Message Series #1: Gold. Achieving the Faith Life You’ve Always Wanted

As a creative director and a coach/teacher, I am interested in both the creative product and the process by which it is achieved. This is the first in a series of posts outlining each sermon series as it is developed at Peachtree. I will post behind the scenes ideas, final creative elements, and some of the process we used in between.

The first sermon series I developed at Peachtree was based on the Summer 2012 Olympics. It ran from July 8 – August 12. The teaching team had previously decided on the theme but, mainly since it was designed to fill a summer gap, had not identified a core message. I called a meeting of the pastoral staff shortly after arriving and we tried a first draft of a creative process. The discussion was generative, yet as with any new creative team, we have a developmental journey ahead. At this point, ideas for creative application far exceed capacity. Our set of deliverable elements primarily consisted of a compelling core image with a felt-need-focused tagline and a few videos and elements in sermons. Considering it is our first series together, the primary concern at this stage of development is not creative bells and whistles, but creating team consensus on the core message.

 

Title: Gold

Subject: The character of the Christian life.

Main Idea: The victory is in the training.

Series Scripture: Hebrew 12

Felt Need: Achievement and its dark counterpart perfectionism, or the feeling of inadequacy.

Take Away: A focus on the spiritual disciplines.

Overview: Our congregation is full of “A” personalities – achievers who are used to operating at a high level. At one level, Olympians are people to whom our folks can relate: athletes who have set high personal goals for and worked hard to achieve them. We have to be careful, however, to bring a prophetic word through this imagery, lest we play into pre-existing behavior and fail to enact life change. Our goal is to name the counter-culture nature of being a disciple of Jesus. So, we want to avoid creating a rah-rah atmosphere. Instead, we focus on the hard work of training. The regimen of training, not the glory of victory, marks the true life of the athlete, and the disciple.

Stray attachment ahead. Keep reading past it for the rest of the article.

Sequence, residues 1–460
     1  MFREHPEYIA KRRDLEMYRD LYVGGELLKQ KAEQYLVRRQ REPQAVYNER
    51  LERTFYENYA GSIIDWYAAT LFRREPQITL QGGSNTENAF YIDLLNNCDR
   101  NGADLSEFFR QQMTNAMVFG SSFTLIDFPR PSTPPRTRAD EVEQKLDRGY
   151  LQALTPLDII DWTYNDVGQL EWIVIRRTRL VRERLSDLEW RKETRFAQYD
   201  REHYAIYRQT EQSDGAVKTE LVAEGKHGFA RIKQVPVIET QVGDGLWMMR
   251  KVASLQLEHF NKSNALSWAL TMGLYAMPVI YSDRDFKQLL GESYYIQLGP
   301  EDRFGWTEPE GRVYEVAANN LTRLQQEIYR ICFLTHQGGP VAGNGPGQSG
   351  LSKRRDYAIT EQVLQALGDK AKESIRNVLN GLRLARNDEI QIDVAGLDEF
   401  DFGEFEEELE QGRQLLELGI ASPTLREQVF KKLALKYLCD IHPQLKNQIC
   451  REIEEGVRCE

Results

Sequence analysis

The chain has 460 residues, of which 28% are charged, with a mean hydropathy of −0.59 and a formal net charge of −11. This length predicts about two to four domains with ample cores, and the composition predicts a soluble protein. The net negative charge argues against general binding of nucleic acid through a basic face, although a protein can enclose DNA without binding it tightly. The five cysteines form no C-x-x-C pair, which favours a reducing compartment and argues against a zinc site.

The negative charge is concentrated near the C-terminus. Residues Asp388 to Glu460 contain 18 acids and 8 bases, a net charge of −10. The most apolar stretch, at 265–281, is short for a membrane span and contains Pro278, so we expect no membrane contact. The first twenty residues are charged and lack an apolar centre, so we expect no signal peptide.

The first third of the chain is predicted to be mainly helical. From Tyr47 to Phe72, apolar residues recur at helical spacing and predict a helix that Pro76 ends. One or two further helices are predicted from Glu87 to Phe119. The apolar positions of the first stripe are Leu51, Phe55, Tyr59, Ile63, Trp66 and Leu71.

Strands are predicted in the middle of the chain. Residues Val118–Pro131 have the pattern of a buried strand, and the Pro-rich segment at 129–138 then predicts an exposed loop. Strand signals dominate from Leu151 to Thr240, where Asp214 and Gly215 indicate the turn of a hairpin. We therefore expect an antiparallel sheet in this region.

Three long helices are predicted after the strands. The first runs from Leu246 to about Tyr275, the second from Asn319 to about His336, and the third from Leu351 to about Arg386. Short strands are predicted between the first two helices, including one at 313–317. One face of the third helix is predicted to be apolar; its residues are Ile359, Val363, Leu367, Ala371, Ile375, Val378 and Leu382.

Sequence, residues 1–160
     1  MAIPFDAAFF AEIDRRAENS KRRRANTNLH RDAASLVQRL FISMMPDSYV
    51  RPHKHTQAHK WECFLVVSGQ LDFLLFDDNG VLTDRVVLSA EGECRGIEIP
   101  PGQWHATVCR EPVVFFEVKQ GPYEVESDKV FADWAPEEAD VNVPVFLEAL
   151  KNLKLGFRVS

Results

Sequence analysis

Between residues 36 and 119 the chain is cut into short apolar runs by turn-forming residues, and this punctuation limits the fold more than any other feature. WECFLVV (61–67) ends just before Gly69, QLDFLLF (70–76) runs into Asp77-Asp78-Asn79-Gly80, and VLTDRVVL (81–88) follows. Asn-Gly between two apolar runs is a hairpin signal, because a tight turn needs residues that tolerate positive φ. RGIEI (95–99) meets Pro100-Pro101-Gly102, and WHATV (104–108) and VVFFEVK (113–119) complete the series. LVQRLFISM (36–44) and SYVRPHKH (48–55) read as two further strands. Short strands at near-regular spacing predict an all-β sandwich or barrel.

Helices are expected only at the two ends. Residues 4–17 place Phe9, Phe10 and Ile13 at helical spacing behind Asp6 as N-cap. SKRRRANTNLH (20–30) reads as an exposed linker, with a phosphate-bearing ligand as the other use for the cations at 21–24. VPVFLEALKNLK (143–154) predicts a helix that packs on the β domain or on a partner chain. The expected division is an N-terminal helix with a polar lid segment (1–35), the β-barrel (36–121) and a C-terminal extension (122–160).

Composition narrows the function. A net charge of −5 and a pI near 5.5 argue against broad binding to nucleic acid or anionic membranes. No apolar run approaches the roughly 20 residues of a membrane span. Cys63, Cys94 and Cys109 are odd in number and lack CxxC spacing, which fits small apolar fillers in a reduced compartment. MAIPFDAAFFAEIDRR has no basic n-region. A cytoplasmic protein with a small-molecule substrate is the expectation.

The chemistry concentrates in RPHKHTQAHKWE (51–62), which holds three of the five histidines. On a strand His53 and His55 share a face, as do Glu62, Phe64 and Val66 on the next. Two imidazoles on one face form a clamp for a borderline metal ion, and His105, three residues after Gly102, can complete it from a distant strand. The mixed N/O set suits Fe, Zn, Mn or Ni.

Series copy (for the bulletin and the website):

Why do we love the Olympics?

In a world of competing demands and responsibilities, maybe we love the idea of the distraction free pursuit of a dream. The athlete’s singular focus is a form of purity.

Yet the Olympian reminds us that purpose comes not at race’s end. Away from the laurel wreath, victory comes in the training.

So, the athlete trains, and finds joy in the regimen. Citius, Altius, Fortius—Faster, Higher, Stronger.

Our faith life could use such purity. What does it look like to train our faith?  Explore what it means to focus, to fail and start again, and to look to Jesus as we run our race with endurance.

Gold. Achieve the faith life you’ve always wanted.

 


 

Week 1. The Victory is in the Training.

Scripture: Hebrews 12; also possibly 1 Timothy 4:8

Metaphor: The Olympic athlete

Main Idea: The winning athlete focuses on a lifestyle of training rather than preparation for a single competitive victory. Similarly, the believer does well to focus on a life of training and spiritual development through a regimen of spiritual disciplines, rather than a momentary rush toward God in a time of need or crisis.

Take Away: Introduce the spiritual disciplines

 

Week 2. Training.

Scripture: Hebrews 4:12

Metaphor: Fencing

Main Idea: Scripture is a two-edged sword. Rather than a sword that injures or kills, though, an encounter with scripture allows God to work on us. It is a sword that heals and strengthens.

Take Away: Focus on the discipline of scripture and study

 

Week 3. Team.

Scripture: Hebrews 11-12 (the cloud of witnesses)

Metaphor: Relay

Main Idea: A relay athlete depends on the fitness and well-being of an entire team. If one player goes down, the entire team loses.

Take Away: Focus on the discipline of community.

 

Week 4. Depletion.

Scripture: 1 Kings 19:1-13

Metaphor: Marathon Running

Main Idea: Utter exhaustion and the euphoria of a runner’s high are the foci of training for long distance runners. The spiritual life also has such extremes. How do we train for these moments?

Take Away: Focus on the discipline of solitude.

 

Week 5. Coaching.

Scripture: 1 Corinthians 9:24-27

Metaphor: Boxing

Main Idea: Great boxers have great trainers, coaches who provide healthy doses of accountability, encouragement, challenge and support.

Take Away: Focus on the discipline of guidance and mentorship.

 

Week 6. Submission.

Scripture: Genesis 32:22-31

Metaphor: Wrestling

Main Idea: Honest engagement with God on matter of deep importance is a wrestling match that forces us to joyful submission.

Take Away: Focus on the spiritual discipline of prayer.

 

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